Filing Responsive Pleadings In Your Divorce Case
Responsive pleadings must be filed after the petition has been filed. The responsive pleading should be in the form of an Answer and Counter Petition. In the response, the spouse can respond to certain assertions in the petition, make counterclaims, and state any affirmative defenses if the divorce is fault-based. The responsive pleading is filed with the court and served upon the spouse usually by sending it to the spouse’s legal counsel. The petition and responsive pleading will now display all of the issues that the court will need to determine.
The time for responding is limited and the clock starts after the non-filing party has been served with the petition, summons, and any ex parte orders. The time limit is 21 days from being served, which is not a lot of time. However, the court may grant an extended time limit if necessary. If the non-filing party does not have an attorney, it is possible for them to continue pro se, which means they will proceed without legal counsel. Although this is an option, the documents that are served can be so extensive that the spouse will likely hire an attorney to reduce the stress and confusion. Once legal counsel is acquired, the proceedings begin to progress through the court.
An Answer is a reply to the petition that uses the layout of the petition, tending to each numbered section of the petition with a consistent numbered passage that replies to it. The spouse can do one of three things: concede to the accusations, deny them, or express that they do not know. Once a party admits to an accusation, that issue cannot be challenged later down the road. Because of this, most will deny the accusations at the beginning stages of the divorce.
If the divorce is fault-based, the Answer will probably incorporate defenses. Acquiescence can be used as a defense, while “mutuality of fault” cannot, according to Cohee v. Cohee. If mutuality of fault were allowed, the court would have to decide whose actions were worse. This could be a slippery slope, which is why the court does not allow it. The place to consider fault on behalf of the other party is in the Counter Petition.
Concerning divorce, counterclaims contained in Counter Petitions for the most part fill non-lawful needs. The main relief that a counterclaim looks for is precisely the same looked for by the petition: dissolving the marriage. Counterclaims might be made to satisfy individual reasons or to contend that the divorce ought to be fault-based for the spouse filing the Counter Petition. As examined above, mutual fault is the most widely recognized counterclaim.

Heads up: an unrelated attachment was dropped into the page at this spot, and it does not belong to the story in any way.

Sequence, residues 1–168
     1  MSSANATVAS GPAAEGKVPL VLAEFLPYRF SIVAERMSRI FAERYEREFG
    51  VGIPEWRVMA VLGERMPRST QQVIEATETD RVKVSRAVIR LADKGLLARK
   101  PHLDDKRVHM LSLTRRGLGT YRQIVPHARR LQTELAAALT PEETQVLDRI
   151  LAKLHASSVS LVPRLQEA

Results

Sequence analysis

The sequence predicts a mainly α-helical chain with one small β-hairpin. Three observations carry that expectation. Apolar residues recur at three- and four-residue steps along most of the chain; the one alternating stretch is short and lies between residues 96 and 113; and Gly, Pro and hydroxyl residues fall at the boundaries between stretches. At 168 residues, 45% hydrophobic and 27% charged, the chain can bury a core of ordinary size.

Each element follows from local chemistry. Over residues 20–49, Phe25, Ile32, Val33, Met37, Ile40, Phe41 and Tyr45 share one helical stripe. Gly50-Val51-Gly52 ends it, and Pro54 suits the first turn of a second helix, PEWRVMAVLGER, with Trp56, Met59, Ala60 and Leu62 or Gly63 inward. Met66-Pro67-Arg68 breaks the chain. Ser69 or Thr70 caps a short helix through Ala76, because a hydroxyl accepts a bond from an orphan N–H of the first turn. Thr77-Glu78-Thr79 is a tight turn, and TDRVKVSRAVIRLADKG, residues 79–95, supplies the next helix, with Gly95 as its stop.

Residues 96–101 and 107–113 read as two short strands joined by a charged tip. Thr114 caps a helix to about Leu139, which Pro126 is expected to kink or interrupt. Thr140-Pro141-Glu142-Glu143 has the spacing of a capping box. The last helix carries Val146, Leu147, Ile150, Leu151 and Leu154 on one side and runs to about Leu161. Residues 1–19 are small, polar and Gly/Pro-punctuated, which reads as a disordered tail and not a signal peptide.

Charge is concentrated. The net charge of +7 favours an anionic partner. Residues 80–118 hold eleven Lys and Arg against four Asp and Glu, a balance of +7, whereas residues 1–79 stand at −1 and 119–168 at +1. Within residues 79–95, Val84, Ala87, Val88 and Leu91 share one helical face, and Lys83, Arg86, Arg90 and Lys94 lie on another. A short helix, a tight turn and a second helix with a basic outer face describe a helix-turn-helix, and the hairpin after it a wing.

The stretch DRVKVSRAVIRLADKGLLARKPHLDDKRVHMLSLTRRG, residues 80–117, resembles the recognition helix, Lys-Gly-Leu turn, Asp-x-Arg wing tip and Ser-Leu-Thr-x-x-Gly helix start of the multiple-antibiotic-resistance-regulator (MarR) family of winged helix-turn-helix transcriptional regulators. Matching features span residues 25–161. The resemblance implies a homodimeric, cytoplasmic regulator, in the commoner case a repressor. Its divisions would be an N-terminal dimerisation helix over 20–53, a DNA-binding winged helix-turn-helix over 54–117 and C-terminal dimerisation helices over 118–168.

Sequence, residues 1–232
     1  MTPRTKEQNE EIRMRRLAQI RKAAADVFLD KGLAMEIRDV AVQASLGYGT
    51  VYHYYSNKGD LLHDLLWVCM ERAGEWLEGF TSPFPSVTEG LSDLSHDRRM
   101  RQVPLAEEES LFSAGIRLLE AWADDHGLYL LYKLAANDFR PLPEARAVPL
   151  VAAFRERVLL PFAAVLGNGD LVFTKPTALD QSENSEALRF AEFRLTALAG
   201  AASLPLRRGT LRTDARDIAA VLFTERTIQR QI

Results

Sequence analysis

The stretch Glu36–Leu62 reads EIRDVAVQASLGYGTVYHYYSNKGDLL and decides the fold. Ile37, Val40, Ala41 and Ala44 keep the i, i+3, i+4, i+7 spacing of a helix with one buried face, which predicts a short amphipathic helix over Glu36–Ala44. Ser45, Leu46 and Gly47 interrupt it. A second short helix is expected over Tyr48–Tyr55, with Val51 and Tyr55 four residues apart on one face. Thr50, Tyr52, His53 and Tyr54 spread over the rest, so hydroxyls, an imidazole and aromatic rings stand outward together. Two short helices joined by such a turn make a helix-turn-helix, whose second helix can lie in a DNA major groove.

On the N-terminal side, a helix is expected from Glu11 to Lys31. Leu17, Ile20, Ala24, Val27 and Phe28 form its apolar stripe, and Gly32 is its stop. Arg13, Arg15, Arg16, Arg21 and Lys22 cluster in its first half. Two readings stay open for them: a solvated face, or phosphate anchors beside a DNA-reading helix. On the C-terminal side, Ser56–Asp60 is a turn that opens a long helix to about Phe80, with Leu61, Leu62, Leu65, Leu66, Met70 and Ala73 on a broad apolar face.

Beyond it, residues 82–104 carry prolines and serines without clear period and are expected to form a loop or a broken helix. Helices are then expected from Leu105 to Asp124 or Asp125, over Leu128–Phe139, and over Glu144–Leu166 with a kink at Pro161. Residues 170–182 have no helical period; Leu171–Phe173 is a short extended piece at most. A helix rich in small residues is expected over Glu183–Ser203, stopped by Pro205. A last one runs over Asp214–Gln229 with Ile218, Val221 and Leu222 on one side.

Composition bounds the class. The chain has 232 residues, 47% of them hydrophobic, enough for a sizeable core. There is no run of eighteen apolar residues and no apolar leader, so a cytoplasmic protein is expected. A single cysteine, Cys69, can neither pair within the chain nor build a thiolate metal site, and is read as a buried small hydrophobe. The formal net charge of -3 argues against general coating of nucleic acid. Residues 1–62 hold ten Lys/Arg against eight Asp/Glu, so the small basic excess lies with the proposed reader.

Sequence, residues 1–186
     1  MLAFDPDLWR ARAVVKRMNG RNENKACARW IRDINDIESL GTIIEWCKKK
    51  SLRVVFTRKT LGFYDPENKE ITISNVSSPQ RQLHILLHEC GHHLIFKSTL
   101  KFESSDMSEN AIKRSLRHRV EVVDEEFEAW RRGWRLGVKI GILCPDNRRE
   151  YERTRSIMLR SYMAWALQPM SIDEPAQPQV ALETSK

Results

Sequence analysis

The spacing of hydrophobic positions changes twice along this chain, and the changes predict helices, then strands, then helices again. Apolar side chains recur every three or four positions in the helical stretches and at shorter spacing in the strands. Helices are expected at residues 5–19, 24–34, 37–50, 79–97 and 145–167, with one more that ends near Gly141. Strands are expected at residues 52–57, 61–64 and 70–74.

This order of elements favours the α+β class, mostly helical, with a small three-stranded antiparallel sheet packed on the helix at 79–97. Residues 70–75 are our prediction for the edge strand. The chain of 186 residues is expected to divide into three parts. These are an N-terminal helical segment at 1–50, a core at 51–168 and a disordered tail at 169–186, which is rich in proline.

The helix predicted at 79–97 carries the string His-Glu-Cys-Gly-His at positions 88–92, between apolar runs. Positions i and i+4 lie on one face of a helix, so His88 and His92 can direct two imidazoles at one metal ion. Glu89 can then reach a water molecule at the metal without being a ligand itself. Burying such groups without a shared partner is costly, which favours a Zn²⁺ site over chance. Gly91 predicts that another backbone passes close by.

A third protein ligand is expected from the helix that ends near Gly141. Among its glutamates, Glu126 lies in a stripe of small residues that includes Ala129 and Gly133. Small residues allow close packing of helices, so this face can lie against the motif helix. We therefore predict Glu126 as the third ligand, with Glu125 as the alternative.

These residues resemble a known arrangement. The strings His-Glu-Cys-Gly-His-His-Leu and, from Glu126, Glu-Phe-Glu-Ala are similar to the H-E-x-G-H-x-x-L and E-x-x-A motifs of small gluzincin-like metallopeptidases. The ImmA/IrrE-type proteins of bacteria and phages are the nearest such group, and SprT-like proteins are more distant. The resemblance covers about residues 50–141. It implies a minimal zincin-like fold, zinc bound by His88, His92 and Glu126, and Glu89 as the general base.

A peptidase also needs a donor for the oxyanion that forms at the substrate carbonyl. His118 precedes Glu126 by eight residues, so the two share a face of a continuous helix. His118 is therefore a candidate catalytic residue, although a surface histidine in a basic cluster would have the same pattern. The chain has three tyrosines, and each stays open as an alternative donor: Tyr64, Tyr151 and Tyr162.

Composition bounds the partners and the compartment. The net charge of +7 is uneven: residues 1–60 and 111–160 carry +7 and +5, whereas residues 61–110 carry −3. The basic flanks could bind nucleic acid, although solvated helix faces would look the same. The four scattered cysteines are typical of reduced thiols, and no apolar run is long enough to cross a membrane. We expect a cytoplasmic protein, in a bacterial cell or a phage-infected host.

Sometimes parties have additional claims against the opposing party such as battery (physical abuse) or false imprisonment. K.S.A. Section 23-2718, for the most part, does not allow these kinds of counterclaims to be added to the request for divorce. Rather, the party should document a different lawsuit to address that wrong and let the divorce proceeding deal with the issues surrounding the divorce. In any case, if the two spouses concur and the court supports, these counterclaims might be added to the divorce proceeding and heard at the same time. The convenience of this strategy needs to be examined on a case-by-case basis, because a lot of elements are present within a divorce proceeding and the best interest of the client will supersede any method.
Required Parenting Classes
Many courts require that spouses with minor children attend parenting classes if they are seeking a divorce. The parents must complete the classes within a specific period. Johnson County, for example, requires that the parenting classes be done within 90 days of filing the petition for divorce. The classes’ goal is to aid in the divorce process by making sure the parents are prepared for the inevitable troubles that come up during and after a divorce. The classes emphasize three main concerns. First, the legal and monetary issues caused by separation that has the potential to affect the children. Secondly, the classes explore the effect of divorce on the children. Lastly, the classes explore the effect of divorce on parents and approaches to maintain fruitful parenting tactics after divorce.
These classes should not be mistaken as marriage counseling. Although the classes are offered in group settings, parents are not permitted to go to classes at the same time. Rather, each parent should independently go to class. Parents can also go to virtual classes on the web. A second imperative distinction is the objective—adapting to divorce, not avoiding it. The spotlight will constantly be on effectively bringing up children.
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